If you are fortunate enough to have a moderate to large estate, one of the most important factors to consider when creating your estate plan is the impact federal (and in some cases state) gift and estate taxes will have on your estate. Failing to plan for the possibility that your estate could owe estate taxes could dramatically reduce the value of the estate you pass down to loved ones after you are gone. With that in mind, the Grand Forks estate planning lawyers at German Law discuss recent changes to the lifetime exemption used when calculating federal gift and estate taxes.
The Federal Gift and Estate Tax
The federal gift and estate tax is effectively a tax on the transfer of wealth that is collected from your estate during the probate of your estate. Every taxpayer is subject to federal gift and estate taxes. The tax applies to all qualifying gifts (almost all gifts are considered “qualifying” gifts) made during a taxpayer’s lifetime as well as all estate assets owned by the taxpayer at the time of death. To illustrate how the tax works, imagine you made gifts during your lifetime totaling $6 million in value. Your estate, at the time of your death, was valued at $10 million. The combined total of $16 million would be subject to federal gift and estate taxes. Historically, the federal gift and estate tax rate was subject to change – and did change on a regular basis. The American Taxpayer Relief Act of 2012 (ATRA), however, permanently set the rate at 40 percent. Without any deductions or adjustments, that $16 million estate would owe $6.4 million in federal gift and estate taxes.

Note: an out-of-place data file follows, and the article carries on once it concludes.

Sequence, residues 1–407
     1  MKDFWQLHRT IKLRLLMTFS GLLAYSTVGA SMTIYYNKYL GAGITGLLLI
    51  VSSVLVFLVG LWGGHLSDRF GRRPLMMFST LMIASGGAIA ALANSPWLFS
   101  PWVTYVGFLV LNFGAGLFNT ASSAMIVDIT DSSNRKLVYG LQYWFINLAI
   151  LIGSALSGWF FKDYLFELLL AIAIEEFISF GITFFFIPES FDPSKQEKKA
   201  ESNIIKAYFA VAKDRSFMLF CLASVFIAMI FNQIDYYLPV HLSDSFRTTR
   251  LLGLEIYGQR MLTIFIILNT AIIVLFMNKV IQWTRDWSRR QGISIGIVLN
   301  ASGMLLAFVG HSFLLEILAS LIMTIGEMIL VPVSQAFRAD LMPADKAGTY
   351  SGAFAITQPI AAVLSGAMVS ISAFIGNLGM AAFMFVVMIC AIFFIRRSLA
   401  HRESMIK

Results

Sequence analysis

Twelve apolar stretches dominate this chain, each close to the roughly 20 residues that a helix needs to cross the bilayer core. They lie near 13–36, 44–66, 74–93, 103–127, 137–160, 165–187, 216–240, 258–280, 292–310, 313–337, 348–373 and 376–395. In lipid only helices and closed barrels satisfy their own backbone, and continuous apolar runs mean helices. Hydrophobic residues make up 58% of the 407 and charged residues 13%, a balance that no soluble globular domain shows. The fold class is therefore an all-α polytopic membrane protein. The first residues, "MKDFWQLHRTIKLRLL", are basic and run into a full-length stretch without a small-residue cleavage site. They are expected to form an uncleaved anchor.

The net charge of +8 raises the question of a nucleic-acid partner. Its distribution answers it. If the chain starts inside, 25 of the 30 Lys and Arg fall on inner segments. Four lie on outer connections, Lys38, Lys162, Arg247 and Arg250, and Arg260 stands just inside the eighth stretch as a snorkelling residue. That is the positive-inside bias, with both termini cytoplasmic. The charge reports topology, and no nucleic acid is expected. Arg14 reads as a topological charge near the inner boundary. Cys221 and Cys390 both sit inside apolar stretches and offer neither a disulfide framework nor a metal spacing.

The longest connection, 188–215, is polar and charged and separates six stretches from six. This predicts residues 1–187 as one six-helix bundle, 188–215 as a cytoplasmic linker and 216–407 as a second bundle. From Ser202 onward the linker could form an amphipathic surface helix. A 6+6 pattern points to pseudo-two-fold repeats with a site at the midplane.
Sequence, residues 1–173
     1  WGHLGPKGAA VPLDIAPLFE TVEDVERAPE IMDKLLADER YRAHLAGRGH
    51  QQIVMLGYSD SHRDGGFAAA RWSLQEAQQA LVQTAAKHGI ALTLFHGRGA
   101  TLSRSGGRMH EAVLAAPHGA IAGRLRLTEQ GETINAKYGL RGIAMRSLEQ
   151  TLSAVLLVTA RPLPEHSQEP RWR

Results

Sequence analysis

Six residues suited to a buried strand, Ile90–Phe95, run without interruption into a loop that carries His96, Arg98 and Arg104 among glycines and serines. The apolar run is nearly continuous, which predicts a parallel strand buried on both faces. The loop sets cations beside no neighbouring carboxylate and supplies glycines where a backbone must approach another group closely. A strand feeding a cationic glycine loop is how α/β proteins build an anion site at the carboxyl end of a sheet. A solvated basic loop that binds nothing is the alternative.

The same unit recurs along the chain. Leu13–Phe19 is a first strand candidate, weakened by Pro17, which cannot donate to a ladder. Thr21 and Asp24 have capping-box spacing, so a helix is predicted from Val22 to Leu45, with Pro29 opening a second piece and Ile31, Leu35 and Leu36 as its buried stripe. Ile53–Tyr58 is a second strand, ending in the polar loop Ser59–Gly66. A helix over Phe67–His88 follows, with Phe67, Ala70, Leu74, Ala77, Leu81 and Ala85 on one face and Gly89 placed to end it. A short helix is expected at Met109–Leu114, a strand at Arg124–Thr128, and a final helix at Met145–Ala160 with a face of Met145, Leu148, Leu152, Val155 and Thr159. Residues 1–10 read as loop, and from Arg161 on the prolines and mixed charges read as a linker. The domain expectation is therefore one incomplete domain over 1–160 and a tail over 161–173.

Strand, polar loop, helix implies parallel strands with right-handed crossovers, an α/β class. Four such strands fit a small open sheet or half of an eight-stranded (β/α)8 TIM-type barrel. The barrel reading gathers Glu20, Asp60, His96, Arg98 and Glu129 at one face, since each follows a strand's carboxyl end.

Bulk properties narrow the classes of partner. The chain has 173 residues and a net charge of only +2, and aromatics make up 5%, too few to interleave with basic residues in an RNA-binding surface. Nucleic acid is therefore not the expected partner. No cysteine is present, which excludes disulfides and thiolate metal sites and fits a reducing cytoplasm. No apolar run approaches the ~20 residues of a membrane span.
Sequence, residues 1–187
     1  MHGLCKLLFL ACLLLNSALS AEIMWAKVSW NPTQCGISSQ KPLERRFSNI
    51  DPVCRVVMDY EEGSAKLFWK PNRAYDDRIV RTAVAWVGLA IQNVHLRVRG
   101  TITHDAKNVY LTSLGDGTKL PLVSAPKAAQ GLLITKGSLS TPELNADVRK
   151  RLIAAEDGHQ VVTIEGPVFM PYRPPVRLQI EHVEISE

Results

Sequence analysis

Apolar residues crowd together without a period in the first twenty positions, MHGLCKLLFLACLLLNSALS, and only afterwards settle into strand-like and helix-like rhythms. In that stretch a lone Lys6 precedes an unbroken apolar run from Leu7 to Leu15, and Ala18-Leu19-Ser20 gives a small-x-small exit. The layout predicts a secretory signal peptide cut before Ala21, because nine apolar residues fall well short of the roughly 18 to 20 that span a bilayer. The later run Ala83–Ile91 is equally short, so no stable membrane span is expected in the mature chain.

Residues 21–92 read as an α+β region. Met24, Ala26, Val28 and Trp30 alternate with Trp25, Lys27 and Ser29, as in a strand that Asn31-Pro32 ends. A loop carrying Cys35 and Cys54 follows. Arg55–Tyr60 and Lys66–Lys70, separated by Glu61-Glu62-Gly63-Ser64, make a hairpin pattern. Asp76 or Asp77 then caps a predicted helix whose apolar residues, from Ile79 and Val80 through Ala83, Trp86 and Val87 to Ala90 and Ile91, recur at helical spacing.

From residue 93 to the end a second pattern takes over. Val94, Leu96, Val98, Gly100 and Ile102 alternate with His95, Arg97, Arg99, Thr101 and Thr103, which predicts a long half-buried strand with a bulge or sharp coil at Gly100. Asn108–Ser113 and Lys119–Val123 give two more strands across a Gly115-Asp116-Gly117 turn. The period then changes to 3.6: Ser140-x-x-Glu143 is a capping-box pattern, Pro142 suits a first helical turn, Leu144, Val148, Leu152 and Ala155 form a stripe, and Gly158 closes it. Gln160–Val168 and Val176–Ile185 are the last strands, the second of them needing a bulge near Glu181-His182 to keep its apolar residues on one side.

2018 Changes to the Lifetime Exemption
The good news is that each taxpayer is entitled to factor in the lifetime exemption prior to calculating the amount of gift and estate taxes owed to Uncle Sam. ATRA set the lifetime exemption amount at $5 million, to be adjusted annually for inflation. For 2018, the lifetime exemption amount would be $5.49 million for an individual and $10,980,000 for a married couple; however, President Trump signed tax legislation into law that changed the lifetime exemption amount for 2018 and for several years to come. Under the new law, the exemption amounts increased to $11,200,000 for individuals and $22,400,000 for married couples. These exemption amounts are scheduled to increase with inflation each year until 2025. On January 1, 2026, the exemption amounts are scheduled to revert to the 2017 levels, adjusted for inflation. Consequently, that same $16 million estate would now only pay gift and estate taxes on $6.8 million, reducing the amount of federal gift and estate taxes to $1,920,000.
How Do the 2018 Changes Impact Your Estate Plan?
If you currently have an estate that would be subject to federal gift and estate taxes under the previous lifetime exemption law, the temporary increase in the lifetime exemption amount may present an opportunity to transfer more of your wealth without incurring taxes over the next few years. Because estate planning is very personal, and because the gift and estate laws are subject to change, it is imperative that you consult with your estate planning attorney to decide how best to make use of the increase in the lifetime exemption.
Tax Avoidance Tools and Strategies
Along with taking advantage of the recent change to the lifetime exemption, you may wish to also incorporate additional tax avoidance tools and strategies into your estate plan. For example, you might make use of the annual exclusion. The exclusion allows each taxpayer to make annual gifts valued at up to $15,000 (for 2018) to an unlimited number of beneficiaries without those gifts counting toward your lifetime exemption. Married couples can combine their exclusion and make gifts valued at up to $30,000. Imagine that you and your spouse made yearly gifts to six beneficiaries. You could transfer $180,000 each year tax-free. Now assume you made those gifts each year for just ten years. You will have transferred $1.8 million without using any of your lifetime exemption limit. The $1,920,000 tax obligation from the above example would be reduced to just $120,000!
Contact Grand Forks Estate Planning Lawyers
Please join us for an upcoming FREE seminar. If you wish to discuss how you can limit your estate’s exposure to federal gift and estate taxes, contact the estate planning lawyers at German Law by calling 701-738-0060 to schedule an appointment.